On Dec. 10, Congress passed historic anti-trafficking legislation. The Trafficking Victims Protection Reauthorization Act (TVPRA) passed both the House and the Senate within several hours. That timely victory was more than two years in the making and represents the triumph of one man’s passion and a broad coalition’s power.
It is safe to say the legislation would not exist without the wholehearted passion and the incredible commitment, dedication, skill and determination of Michael Horowitz, a senior fellow at the Hudson Institute, who has for more than a decade presided over a loose, broad-based coalition of left-right activists who unite in opposition to human slavery and exploitation but differ on almost every other issue. Keeping that group of diverse leaders united and focused is in itself a monumental accomplishment. But satisfying the different expectations required a rare level of expertise indeed.
By Janice Shaw Crouse
The Washington Times
It is also safe to say the legislative victory would have been impossible without the grass-roots involvement of organizations like Concerned Women for America and the Southern Baptist Convention – two conservative groups that have been intimately and extensively involved in the nitty-gritty lobbying and negotiating essential to passage of the legislation. It is rare for conservative groups to get headlines for their involvement in what is commonly referred to as “social justice” issues, yet CWA, the Southern Baptists, and the Salvation Army, along with many other evangelical organizations, are usually found in the trenches when such battles are being waged, whether domestically or internationally. Certainly, in the fight against commercial sexual exploitation and labor slavery, conservative leaders are essential to success.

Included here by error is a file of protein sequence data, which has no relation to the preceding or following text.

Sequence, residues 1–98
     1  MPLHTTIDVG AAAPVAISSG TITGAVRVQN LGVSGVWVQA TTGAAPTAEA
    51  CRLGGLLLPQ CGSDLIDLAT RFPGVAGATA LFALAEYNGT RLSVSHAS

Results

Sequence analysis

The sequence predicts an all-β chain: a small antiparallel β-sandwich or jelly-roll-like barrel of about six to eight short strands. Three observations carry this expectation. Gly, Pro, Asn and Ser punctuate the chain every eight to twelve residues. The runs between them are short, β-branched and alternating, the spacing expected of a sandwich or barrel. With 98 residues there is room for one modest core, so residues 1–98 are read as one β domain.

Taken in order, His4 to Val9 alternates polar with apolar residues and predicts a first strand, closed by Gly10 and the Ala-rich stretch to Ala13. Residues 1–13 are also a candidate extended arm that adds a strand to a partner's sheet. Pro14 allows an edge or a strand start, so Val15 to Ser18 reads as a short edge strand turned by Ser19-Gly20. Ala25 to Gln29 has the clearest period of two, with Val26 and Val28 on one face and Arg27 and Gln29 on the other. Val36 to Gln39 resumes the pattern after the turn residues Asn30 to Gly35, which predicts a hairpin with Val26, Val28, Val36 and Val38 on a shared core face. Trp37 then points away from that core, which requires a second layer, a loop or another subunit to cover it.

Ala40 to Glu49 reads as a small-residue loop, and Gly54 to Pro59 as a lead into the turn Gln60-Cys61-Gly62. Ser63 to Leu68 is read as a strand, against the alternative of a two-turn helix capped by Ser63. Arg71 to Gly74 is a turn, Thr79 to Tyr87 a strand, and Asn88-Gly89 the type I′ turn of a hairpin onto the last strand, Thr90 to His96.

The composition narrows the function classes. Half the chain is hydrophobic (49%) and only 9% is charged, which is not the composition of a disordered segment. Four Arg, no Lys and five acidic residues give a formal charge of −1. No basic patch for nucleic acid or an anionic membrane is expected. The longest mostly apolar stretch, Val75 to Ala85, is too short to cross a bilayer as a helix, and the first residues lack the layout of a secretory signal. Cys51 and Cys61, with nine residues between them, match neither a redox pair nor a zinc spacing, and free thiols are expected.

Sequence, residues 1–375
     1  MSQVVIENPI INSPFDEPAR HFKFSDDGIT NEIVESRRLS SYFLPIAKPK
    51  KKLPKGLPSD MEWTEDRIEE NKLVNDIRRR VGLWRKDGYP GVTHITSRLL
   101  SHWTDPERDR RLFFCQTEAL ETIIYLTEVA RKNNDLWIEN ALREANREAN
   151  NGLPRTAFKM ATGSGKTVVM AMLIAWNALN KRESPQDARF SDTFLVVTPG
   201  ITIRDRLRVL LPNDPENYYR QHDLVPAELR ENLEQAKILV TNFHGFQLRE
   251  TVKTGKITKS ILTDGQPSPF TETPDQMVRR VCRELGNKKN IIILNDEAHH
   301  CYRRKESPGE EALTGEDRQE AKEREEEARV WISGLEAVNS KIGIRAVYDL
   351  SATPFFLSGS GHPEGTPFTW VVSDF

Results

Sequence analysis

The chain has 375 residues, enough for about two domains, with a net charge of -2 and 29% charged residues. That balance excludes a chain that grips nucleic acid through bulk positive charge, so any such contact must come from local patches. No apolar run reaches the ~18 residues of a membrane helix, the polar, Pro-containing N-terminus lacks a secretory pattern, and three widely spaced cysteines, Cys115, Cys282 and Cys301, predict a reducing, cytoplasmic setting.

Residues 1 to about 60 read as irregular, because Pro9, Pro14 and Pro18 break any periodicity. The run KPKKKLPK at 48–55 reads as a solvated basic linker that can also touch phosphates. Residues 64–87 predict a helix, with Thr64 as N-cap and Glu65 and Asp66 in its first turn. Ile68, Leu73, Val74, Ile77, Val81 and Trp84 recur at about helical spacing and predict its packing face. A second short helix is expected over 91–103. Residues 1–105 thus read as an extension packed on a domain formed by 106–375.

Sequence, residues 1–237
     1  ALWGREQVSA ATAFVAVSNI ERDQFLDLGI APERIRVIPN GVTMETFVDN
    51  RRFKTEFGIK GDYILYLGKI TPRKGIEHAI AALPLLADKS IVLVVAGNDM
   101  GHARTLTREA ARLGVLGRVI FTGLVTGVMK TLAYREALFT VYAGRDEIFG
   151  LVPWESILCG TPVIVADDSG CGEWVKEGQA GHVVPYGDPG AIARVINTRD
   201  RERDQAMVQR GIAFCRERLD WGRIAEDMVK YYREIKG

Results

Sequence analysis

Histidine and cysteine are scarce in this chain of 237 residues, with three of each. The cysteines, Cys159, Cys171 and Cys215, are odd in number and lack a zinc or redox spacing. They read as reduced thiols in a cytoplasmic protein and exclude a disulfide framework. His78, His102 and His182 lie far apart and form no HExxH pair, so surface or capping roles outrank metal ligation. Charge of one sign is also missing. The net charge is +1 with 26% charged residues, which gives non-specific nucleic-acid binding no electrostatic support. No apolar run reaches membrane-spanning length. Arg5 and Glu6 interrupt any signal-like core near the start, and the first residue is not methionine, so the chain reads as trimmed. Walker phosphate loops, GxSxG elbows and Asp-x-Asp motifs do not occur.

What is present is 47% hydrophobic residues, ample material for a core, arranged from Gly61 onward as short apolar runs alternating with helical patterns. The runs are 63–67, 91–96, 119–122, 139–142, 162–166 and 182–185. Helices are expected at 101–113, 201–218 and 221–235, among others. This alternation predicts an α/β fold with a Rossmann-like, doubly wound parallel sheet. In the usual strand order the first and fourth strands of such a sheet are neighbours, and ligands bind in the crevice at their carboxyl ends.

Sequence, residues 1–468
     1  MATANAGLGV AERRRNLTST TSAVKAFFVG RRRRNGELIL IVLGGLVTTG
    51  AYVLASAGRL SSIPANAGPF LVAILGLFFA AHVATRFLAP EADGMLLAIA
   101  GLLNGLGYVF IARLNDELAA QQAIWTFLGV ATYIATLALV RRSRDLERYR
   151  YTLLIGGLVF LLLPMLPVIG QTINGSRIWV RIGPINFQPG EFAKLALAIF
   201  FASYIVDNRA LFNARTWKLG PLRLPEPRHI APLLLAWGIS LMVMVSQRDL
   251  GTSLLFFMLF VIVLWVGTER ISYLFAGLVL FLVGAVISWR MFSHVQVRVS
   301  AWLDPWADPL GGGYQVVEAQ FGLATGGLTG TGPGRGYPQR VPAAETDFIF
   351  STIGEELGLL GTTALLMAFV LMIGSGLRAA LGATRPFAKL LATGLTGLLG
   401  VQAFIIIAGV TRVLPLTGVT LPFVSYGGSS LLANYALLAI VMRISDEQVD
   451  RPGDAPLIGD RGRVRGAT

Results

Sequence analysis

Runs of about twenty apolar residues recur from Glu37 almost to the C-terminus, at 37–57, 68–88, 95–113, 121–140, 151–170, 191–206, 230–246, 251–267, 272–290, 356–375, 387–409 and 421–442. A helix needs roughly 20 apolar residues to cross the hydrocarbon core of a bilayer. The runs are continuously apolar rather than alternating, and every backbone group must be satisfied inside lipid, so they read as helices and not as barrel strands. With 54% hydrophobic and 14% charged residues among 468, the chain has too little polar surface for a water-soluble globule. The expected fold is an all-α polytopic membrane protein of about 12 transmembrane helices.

Further, this legislation is an outstanding achievement of the Bush administration, who first called the crime of human trafficking “modern-day slavery.” From the outset, President Bush was an outspoken champion of those who are sexually exploited and used as a commercial commodity. He spoke at the United Nations and on national broadcasts about the necessity for protecting women and girls entrapped by the criminal networks who traffic in human beings. No doubt, Mr. Bush’s support of anti-trafficking efforts will be a major legacy of the Bush administration.